Nanowires is a figurative sculpture that draws on many different sources – the expanding and contracting tendrils used by extremophile bacteria to convert human waste into electricity, and the non-human casts of ancient ammonites formed in the rock many millenia ago.
Alice Channer was invited to create a work to celebrate the opening of the new engineering building at the University of the West of England (UWE) and chose to transform the entrance with its strong corten steel wall into a terrarium or vivarium, bringing the public into close proximity with the oversized aluminium tendrils she placed above.
Nanowires was developed in response to conversations with bio-engineer Professor Ioannis Ieropoulous at the Department of Engineering and the development of his ground-breaking technology.
Professor Ieropoulos describes these bacteria as ‘biological engines’. Channer is interested in artworks that are authored by materials and processes as much as by herself, and in Professor Ieropoulos’ collaborations with bacteria she found a parallel: to her, the bacteria are themselves engineers, in ways human engineers can only dream.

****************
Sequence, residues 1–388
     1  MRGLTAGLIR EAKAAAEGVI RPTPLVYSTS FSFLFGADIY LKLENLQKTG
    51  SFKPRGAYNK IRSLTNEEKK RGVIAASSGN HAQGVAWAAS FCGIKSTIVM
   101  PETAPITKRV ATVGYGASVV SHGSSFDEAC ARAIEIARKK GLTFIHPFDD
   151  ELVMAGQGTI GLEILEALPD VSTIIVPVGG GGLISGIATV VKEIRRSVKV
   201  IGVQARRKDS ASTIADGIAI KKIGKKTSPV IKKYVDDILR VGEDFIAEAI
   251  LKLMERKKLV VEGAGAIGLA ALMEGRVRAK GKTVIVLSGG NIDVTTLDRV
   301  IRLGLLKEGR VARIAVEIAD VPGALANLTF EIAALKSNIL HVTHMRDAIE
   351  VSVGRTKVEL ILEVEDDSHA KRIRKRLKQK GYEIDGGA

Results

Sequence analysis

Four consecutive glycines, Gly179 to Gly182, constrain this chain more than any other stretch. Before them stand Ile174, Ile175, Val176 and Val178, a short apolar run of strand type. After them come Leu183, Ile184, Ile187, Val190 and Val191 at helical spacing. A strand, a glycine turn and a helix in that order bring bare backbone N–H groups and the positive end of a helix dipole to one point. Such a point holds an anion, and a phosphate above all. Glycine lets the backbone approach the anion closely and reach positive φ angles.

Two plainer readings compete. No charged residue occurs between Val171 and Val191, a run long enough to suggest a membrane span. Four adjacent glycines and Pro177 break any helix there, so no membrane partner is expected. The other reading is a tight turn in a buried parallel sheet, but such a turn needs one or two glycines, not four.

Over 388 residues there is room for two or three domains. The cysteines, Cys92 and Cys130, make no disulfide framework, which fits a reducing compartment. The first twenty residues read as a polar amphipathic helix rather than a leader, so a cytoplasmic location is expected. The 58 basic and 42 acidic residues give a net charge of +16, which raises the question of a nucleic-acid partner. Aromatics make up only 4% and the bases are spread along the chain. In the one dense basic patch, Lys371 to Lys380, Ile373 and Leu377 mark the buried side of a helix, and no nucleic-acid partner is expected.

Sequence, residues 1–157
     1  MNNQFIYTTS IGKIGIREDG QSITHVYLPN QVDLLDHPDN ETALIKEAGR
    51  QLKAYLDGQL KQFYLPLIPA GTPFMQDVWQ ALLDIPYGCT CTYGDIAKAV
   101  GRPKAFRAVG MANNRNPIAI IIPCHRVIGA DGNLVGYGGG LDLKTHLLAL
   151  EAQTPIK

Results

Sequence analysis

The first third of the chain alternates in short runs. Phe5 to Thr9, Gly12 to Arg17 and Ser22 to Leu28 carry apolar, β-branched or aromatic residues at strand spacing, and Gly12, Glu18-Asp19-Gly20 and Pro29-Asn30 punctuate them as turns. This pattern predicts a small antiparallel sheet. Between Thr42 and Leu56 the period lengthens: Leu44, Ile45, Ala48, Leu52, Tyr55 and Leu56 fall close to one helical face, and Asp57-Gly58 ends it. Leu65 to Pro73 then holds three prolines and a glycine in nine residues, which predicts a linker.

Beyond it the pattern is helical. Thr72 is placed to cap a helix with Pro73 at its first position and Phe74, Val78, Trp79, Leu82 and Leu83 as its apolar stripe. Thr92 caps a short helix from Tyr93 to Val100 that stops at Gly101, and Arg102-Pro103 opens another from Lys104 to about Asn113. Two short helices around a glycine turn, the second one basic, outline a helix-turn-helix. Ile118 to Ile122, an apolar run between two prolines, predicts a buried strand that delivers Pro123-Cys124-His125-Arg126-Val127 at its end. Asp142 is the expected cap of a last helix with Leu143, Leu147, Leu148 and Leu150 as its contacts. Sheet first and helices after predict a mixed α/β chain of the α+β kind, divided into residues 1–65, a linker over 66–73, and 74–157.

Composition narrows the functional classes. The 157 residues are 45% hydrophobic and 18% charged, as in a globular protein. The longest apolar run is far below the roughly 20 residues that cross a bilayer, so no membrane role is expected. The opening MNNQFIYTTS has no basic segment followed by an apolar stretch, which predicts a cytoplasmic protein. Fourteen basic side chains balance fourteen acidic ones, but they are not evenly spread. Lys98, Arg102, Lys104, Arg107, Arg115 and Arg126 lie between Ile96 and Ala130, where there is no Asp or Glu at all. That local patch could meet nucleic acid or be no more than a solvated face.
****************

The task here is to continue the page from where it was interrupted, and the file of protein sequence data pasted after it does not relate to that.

Alice Channer said, “Engagement with the sculpture asks us to move imaginatively beyond our own bodies and minds, and into those of other beings who live and lived alongside and as part of us and our environment.”
This is the first time the university has worked with an artist to commission a significant new work in response to its own research. UWE Bristol’s departments of engineering and fine art joined forces to help develop the sculpture.